Saudi-Yemeni free-trade zone would benefit both countries, says business leader

Google map showing the vast Saudi-Yemeni border.
Updated 22 February 2017
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Saudi-Yemeni free-trade zone would benefit both countries, says business leader

JEDDAH: Studies indicate that the establishment of a free-trade zone between Saudi Arabia and Yemen, a project that has been put on a hold due to political unrest in Yemen, would help boost economies of the two countries, according to the official Saudi Press Agency (SPA).
Prior to the political turmoil that engulfed the impoverished Arab country, the two sides had been planning to establish a free-economic zone in Al-Wadeeah, Najran with the support from the private sector and the Islamic Development Bank (IDB).
The SPA report quoted Dr. Abdullah Marei Mahfouz, former chief of Saudi-Yemeni Business Council, as saying that the project represented an opportunity to boost trade ties between the two countries. He said that Yemen could benefit from this project by increasing its exports of fish, fruit and vegetables.
Highlighting the importance of the proposed free-trade zone, he said that the economic city had the potential to emerge as a hub for the storing and packaging industries.
The project will also help create thousands of jobs for the youth of Saudi Arabia and Yemen.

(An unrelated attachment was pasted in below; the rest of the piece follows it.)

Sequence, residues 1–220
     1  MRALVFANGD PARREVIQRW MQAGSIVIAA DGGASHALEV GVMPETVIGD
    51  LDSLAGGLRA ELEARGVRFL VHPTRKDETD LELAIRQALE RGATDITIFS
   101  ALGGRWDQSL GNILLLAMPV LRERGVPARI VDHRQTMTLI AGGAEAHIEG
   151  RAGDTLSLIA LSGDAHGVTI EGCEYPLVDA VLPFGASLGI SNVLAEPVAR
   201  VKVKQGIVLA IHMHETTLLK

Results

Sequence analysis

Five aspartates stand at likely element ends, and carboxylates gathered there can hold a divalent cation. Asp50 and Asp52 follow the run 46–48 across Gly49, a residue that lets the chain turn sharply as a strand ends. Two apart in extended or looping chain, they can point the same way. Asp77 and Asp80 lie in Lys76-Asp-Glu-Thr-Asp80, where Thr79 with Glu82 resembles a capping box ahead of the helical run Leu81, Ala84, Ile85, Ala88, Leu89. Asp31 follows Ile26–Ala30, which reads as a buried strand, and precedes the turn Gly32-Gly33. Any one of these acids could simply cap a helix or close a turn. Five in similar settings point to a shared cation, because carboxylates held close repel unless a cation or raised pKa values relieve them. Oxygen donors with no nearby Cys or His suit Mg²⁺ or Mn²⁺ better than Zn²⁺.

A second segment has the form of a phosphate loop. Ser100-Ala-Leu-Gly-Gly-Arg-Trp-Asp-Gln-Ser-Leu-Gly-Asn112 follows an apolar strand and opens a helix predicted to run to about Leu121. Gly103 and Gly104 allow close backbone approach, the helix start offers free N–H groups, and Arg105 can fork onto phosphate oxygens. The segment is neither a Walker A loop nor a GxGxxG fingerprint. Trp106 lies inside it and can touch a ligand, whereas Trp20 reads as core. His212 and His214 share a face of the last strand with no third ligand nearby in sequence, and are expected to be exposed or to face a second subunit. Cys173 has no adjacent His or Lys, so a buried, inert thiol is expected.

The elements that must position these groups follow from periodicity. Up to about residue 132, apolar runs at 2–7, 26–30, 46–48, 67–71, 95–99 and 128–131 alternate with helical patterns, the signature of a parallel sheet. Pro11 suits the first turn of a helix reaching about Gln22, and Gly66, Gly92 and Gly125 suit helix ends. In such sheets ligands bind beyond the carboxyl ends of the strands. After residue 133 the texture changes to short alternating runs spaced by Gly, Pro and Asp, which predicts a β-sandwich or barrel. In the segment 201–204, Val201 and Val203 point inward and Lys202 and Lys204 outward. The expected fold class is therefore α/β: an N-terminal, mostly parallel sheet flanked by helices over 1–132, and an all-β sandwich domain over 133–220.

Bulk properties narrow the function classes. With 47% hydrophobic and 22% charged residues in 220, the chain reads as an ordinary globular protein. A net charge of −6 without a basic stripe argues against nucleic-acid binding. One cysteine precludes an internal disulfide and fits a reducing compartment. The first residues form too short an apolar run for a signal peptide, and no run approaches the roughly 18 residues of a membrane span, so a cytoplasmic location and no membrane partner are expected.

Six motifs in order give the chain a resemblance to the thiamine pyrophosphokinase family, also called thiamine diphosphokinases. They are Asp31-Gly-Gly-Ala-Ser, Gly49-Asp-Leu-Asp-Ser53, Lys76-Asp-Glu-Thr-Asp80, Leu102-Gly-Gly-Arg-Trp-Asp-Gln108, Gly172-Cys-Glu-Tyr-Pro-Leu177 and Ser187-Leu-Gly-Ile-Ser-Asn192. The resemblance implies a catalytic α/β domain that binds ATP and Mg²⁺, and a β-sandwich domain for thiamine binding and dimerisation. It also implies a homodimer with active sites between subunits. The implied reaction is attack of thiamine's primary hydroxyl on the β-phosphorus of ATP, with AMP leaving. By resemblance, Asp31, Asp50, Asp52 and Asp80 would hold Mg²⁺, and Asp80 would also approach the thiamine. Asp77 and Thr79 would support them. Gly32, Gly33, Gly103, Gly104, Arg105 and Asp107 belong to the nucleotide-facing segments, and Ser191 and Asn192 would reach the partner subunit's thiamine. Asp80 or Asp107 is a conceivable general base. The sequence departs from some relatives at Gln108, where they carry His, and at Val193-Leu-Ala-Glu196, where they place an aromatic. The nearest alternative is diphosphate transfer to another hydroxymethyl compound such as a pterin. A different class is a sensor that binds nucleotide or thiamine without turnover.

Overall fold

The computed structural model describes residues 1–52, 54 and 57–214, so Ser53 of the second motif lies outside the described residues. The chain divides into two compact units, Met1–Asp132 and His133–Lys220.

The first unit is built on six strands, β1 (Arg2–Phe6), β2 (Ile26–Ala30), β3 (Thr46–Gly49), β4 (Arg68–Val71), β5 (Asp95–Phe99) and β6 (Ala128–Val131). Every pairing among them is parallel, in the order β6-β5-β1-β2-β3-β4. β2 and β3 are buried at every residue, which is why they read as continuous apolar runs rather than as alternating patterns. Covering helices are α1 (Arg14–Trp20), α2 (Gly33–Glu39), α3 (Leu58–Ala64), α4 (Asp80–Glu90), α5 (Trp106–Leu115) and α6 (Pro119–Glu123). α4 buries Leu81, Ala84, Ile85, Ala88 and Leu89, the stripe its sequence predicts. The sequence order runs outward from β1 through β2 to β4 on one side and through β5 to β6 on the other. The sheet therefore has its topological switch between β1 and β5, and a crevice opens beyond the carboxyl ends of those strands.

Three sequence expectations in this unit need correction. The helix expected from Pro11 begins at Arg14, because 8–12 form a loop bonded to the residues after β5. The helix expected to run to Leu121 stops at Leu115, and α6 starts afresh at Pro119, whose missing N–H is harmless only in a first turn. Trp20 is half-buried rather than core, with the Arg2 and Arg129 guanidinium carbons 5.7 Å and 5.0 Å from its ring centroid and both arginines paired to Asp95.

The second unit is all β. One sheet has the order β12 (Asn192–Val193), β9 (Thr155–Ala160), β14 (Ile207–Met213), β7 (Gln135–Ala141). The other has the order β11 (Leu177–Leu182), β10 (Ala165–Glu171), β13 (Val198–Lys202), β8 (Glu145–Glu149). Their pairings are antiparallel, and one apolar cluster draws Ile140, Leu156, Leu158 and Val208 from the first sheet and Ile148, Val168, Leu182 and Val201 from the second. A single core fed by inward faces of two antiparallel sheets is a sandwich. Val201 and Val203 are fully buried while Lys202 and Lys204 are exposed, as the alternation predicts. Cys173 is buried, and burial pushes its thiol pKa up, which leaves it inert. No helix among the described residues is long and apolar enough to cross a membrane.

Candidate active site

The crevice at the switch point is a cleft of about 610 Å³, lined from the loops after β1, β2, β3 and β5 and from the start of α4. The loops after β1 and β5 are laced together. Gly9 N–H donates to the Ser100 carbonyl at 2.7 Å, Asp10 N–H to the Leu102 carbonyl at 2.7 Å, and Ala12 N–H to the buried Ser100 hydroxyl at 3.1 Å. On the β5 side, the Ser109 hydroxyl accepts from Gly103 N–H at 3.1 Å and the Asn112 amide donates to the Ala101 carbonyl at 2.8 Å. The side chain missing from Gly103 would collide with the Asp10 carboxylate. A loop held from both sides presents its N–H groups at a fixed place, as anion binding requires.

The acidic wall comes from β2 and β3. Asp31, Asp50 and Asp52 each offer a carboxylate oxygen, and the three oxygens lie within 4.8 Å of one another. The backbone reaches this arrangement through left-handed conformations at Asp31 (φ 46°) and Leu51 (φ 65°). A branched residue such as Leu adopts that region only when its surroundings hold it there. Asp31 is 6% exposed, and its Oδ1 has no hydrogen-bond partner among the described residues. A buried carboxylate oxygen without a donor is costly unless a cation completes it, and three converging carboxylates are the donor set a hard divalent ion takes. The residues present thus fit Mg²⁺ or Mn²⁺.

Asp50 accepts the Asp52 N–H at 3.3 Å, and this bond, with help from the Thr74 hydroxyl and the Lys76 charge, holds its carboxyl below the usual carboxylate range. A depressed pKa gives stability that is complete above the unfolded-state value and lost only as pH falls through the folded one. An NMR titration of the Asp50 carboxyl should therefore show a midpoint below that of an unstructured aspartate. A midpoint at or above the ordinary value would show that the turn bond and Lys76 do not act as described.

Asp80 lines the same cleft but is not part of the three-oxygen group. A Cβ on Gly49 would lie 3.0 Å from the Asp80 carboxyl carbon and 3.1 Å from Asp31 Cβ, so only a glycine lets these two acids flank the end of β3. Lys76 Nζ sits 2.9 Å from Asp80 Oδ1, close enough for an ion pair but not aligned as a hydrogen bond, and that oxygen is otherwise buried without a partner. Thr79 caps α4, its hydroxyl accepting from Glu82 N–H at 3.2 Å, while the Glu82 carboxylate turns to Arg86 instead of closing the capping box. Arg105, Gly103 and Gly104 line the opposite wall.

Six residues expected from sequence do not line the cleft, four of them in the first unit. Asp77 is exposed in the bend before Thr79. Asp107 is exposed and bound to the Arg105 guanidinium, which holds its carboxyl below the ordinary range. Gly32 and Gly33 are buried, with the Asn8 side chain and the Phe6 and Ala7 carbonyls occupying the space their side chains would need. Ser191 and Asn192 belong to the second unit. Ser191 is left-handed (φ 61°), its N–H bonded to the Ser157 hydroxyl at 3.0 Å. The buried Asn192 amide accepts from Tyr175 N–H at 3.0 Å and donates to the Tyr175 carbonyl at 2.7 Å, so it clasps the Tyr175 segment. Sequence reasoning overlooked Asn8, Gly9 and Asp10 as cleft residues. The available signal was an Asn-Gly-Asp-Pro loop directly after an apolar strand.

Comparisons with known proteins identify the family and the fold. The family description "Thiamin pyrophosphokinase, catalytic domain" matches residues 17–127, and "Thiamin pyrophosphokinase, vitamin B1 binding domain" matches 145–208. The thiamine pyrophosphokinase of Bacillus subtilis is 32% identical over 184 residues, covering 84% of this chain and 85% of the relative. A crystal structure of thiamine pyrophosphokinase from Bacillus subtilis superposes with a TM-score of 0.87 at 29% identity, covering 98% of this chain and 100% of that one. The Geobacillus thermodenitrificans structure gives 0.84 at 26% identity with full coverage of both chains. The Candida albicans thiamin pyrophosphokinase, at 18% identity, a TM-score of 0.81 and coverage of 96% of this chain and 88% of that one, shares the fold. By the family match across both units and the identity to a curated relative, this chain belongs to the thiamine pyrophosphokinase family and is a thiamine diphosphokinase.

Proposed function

Mahfouz predicted that commercial activities in the economic zone could reach the SR500-million mark in the first year.
According to the Council of Saudi Chambers, a free-trade zone between the two countries could also serve as a gateway for Saudi products to African countries.
Statistics indicate that the number of joint Saudi-Yemeni projects in the Kingdom is 340 and 109 in Yemen.


Scottish government wins fracking case against energy giant Ineos

Updated 19 June 2018
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Scottish government wins fracking case against energy giant Ineos

  • The devolved government said a moratorium on fracking was in place
  • neos had argued that the ban was imposed unlawfully

EDINBURGH: Scotland’s highest court has ruled in favor of a government ban on fracking which had been challenged by energy giant Ineos, the Scottish government said on Tuesday.
“This decision vindicates the extensive process of research and consultation which the Scottish government has undertaken since 2015,” Scottish business minister Paul Wheelhouse said in a statement. “Our preferred position is not to support unconventional oil and gas extraction in Scotland (fracking), and that position remains unchanged.”
The devolved government said a moratorium on fracking — gas extraction via hydraulic fracturing of the ground — was in place. That meant no local authority could grant planning permission until an impact assessment process had been carried out.
Ineos had argued that the ban was imposed unlawfully, and that it contradicted evidence that shale gas could be produced safely by unconventional methods.
Scotland decided to outlaw fracking in October after a public consultation found overwhelming opposition to it.